This may take some time, possibly even your entire lifetime, to work hard at your goals in pursuit of achieving them, but think about how you will feel about your life at the end vs. how you would feel if you spent your whole life hoping these things would happen for you.  Even if you fail at every goal you try to achieve, at least you gave it your best shot instead of wondering what could have been.  You learned much more about yourself than you could ever from visualizations and journaling.  You actually went out into the world and lived.  You’ve lived a life they make movies about, not a life where you’re simply an extra.  Become what it is you truly know you can be.  Don’t just imagine who it is you want to be, get up and make it happen.  And even if you don’t fully succeed, you will still find the experience far more rewarding than doing nothing.  Believe me, we are nothing without our experiences.

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Waiting to Be Saved

Wanting to be saved is one of the most disempowering mindsets I have ever seen.  You see it in religion.  You see it in people who are waiting for someone to come in and have somebody or something else solve all their problems for them.  You see it in people who think winning the lottery will solve everything overnight.  Wanting to be saved is just stupid.  I’m sorry.  Putting your faith in anyone or anything other than yourself to be saved is just dumb.  For those of you who truly believe The Rapture is coming, I would advise you to stop reading now because no offense, but the Rapture is just your naive attempt to think that everything is going to be okay just because you take the Bible word for word.  If Christ was really coming back, wouldn’t he have come by now to save all the believers?  He said something like, “This generation shall not pass and I will be back.”  Stop waiting for that bus and start walking people.

If you want to be saved, you’re going to have to save yourself.  You can ask for help, but the majority of the legwork is going to have to be done by you.  That is just a fact.  You have to make the moves to get where it is you want to be, not fate or chance.  People who want to be rescued are purposely and exclusively playing the victim role.  Why would anyone ever do that to themselves?  Because it’s easy.  It requires almost no effort to play the victim, but it requires a ton of effort to play the rescuer.  And you are your own rescuer.  Like I said, you can accept help, but don’t expect someone to reassemble your life for you.  They have their own lives to work on.  They can’t sit there and baby step you all the way to your better life.  This isn’t kindergarten anymore.

Take authority over your own life.  You are in charge here.  It is your life to live and your consequences to bear, so why not make it a better life?  Don’t spend your time sitting around waiting for salvation when you could be creating what it is you desire right now if you would only get off your ass and get moving.  What is it that is holding you back?  Your job?  Your spouse?  Just because those around you wish to play the victim  role does not mean you have to do so as well.  You are better off dropping those people out of your life anyway because they will do nothing but hold you back.  The people you spend the most time with reinforce your belief system.  If you are spending a lot of time with victims who never quite make anything meaningful happen in their lives, you will start to pick up on their bad habits.  What you need to find are empowering people to surround yourself with.  People who encourage you, not discourage you.  People who aren’t afraid of the new you, a different you.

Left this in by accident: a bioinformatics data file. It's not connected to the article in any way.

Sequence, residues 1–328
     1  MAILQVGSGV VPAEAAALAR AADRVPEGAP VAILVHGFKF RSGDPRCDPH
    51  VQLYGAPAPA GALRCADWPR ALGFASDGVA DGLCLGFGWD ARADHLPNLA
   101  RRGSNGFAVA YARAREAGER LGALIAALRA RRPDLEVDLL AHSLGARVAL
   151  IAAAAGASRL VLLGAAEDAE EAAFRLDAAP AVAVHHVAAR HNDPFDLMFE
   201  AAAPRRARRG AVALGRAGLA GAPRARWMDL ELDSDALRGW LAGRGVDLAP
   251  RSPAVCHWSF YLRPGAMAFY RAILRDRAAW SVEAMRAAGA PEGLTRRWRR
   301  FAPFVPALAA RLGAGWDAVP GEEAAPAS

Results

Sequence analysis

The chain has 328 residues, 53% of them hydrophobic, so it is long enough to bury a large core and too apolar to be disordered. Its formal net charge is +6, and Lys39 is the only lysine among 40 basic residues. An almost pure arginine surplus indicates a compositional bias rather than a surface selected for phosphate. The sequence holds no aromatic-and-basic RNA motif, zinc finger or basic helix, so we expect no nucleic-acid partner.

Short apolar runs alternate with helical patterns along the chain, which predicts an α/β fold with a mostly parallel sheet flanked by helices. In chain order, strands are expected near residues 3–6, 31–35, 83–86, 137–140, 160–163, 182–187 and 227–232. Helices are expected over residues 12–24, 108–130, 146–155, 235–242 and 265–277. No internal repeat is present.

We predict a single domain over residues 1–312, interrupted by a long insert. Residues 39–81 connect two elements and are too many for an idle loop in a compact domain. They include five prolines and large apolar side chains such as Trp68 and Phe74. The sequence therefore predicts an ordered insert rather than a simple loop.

Playing the victim, waiting to be saved is just a naive fantasy.  You can keep doing this and living the results of that mindset, or you can move up to taking control of your life.  I’m so sick of people complaining about situations in their lives that they created and perpetuate.  It is whiny, it is repetitive, it is bordering on insanity.  If you create something, you should not be complaining about it.  By complaining, you are only perpetuating the situation you don’t want in the first place.  Why not work towards a new situation?  Why not take steps to better yourself to get yourself into a better place?  A place where you don’t need to be saved.  You can wait at that bus stop all day, but if you don’t take the first step towards saving yourself, good luck finding someone who is willing to save you.

The very mindset creates victimization.  You are throwing away your personal responsibility and placing it on something external that is supposed to come into your life and take your victim role away.  I would say you have to pick yourself up by your bootstraps, but that would make me sound like a Republican.  Which I am not.  But the sentiment is true.  You are responsible for your life, not anybody else.  People can help you through your life, but the brunt of the work is yours to bear if you want a life that you can feel good about and can take authorship of.  Stop whining and start taking action.  I’m sure what happened in the past was horrible and you don’t think you’ll ever gain closure, but you live here in the present, people.  You can change your recent past towards a new life in the next 90 days to shed this whole victim mentality and move towards a more empowered state, where you are the dictator of your life, the author.  You decide what you do, what you don’t do.  You have the power.  You just have to realize it.  And for God’s sake, stop waiting to be saved and start saving yourself.